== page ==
Nkosi Johnson was born in South Africa with HIV in 1989 and he died 12 years later – after becoming a national advocate for people with HIV/AIDS. I think often of something he said, paraphrased slightly here: “Do what you can, with what you’ve been given, in the place where you are, with the time that you have.”

Do what you can – and know that you have done it, which brings a peace. And then, face the facts of your limitations – another source of peace. One of the hardest things for me – and most parents – is to feel keenly the struggles and pain of my kids . . . and know that there is nothing I can do about it. That’s a first dart, for sure. But when I think that I have more influence than I actually do, and start giving my dad-ish advice and getting all invested in the result, second darts start landing on me – and on others.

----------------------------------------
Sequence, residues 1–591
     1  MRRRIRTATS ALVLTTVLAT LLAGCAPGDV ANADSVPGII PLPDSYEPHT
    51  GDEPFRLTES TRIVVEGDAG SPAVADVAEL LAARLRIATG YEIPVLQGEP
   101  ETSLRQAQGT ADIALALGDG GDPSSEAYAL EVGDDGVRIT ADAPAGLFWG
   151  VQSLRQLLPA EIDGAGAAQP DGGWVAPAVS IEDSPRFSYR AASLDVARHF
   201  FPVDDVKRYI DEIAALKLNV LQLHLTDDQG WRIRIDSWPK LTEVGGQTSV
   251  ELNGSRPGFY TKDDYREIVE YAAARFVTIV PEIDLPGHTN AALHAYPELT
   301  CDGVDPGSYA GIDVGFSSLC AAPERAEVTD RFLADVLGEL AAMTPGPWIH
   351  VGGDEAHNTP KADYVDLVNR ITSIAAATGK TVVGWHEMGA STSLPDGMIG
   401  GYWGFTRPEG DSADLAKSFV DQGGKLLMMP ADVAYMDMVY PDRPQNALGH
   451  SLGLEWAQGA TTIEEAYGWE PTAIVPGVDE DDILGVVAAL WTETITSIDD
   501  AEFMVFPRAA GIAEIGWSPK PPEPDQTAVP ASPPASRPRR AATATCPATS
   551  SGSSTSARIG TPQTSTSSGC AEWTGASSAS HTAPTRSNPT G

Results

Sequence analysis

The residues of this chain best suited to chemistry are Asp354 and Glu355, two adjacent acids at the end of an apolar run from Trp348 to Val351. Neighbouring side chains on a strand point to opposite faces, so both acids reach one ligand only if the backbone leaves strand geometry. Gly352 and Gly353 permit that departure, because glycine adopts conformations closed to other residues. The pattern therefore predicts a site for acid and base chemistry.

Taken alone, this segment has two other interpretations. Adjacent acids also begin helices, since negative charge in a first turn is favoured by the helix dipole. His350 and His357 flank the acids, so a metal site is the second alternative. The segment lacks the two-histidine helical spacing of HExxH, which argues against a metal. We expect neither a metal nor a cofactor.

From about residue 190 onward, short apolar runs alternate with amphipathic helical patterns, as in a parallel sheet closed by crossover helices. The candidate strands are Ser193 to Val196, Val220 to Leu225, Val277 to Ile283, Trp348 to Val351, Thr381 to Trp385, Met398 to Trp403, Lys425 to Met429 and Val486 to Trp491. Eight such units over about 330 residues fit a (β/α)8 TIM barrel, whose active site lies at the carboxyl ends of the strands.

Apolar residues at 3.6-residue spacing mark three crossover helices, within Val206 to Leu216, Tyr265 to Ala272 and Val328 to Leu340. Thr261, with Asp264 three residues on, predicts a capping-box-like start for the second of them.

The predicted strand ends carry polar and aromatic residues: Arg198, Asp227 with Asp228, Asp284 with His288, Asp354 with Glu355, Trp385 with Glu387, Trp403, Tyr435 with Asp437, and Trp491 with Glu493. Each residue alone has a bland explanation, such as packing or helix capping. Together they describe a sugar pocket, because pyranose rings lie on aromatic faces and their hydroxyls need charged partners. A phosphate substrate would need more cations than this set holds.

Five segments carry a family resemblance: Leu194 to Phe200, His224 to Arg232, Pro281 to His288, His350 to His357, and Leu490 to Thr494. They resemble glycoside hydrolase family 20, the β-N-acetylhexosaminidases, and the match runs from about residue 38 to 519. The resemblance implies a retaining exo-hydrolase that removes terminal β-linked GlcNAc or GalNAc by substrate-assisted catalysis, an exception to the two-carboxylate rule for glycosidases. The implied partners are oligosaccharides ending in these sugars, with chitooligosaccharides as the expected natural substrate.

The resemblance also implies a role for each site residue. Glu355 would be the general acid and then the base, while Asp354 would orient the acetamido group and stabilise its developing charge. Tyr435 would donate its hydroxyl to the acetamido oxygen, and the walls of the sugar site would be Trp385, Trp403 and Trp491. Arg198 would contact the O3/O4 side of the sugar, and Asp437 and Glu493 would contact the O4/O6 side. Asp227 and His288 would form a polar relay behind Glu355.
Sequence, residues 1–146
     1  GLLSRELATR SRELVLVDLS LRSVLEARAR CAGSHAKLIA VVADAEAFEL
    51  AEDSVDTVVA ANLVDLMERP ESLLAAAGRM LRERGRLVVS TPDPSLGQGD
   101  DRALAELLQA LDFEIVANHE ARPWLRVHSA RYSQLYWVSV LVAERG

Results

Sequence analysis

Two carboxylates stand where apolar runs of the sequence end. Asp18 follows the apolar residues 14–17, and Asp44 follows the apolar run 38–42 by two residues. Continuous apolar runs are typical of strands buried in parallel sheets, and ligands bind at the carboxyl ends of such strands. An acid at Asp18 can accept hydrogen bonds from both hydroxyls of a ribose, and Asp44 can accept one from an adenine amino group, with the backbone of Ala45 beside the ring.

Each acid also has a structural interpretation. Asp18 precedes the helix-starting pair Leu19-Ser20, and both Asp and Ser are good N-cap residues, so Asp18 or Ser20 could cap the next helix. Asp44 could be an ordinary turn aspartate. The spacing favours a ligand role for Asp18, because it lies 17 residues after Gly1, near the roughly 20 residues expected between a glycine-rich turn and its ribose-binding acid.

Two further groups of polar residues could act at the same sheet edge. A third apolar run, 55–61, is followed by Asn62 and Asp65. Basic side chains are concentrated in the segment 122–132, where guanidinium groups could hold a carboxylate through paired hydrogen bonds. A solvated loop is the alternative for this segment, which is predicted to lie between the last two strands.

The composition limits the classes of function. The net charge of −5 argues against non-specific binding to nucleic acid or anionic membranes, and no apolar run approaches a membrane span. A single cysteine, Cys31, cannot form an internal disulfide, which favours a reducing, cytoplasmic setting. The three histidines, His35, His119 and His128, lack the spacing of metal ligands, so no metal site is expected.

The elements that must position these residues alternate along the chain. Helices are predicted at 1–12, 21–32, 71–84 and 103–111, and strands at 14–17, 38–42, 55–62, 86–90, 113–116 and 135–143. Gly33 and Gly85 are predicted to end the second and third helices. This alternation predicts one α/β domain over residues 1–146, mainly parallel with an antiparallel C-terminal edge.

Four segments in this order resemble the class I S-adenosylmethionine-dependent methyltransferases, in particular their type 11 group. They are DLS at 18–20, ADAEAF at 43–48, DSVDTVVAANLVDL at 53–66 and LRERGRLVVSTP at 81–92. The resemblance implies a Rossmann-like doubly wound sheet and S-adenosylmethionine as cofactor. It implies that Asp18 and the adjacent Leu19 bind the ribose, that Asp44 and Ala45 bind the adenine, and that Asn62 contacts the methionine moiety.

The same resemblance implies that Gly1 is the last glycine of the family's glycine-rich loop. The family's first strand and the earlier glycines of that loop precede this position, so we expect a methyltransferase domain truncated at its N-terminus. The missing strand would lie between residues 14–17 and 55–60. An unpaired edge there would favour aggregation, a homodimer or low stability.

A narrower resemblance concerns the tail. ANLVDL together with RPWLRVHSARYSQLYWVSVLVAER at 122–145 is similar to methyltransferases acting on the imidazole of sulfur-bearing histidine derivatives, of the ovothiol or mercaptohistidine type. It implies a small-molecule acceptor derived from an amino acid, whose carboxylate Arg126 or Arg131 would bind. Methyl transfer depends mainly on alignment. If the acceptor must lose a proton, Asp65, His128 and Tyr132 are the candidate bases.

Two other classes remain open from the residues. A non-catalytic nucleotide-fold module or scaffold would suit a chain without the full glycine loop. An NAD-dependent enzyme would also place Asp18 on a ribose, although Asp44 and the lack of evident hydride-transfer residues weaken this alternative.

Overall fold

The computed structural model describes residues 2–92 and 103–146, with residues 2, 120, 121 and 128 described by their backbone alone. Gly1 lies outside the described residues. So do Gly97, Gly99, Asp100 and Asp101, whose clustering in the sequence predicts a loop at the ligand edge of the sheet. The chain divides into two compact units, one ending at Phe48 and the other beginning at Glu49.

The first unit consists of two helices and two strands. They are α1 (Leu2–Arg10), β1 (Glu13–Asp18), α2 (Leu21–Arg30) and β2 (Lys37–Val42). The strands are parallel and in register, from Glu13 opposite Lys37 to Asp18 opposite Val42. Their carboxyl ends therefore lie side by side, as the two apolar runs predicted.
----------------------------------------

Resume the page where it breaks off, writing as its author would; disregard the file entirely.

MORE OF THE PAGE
See the big picture

Whatever the pain of another person happens to be – perhaps due to illness, family quarrel, poverty, aging, depression, stressful job, worry about a child, disappointment in love, or the devastation of war – it is made up of many parts (emotions, sensations, thoughts, etc.) that are the result of a vast web of causes.

When you recognize this truth, it is strangely calming. You still care about the other person and you do what you can, but you see that this pain and its causes are a tiny part of a larger and mostly impersonal whole.

This recognition of the whole – the whole of one person’s life, of the past emerging into the present, of the natural world, of physical reality altogether – tends to settle down the neural networks in the top middle of the brain that ruminate and agitate. It also tends to activate and strengthen neural networks on the sides of the brain that support spacious mindfulness, staying in the present, taking life less personally – and a growing sense of peace.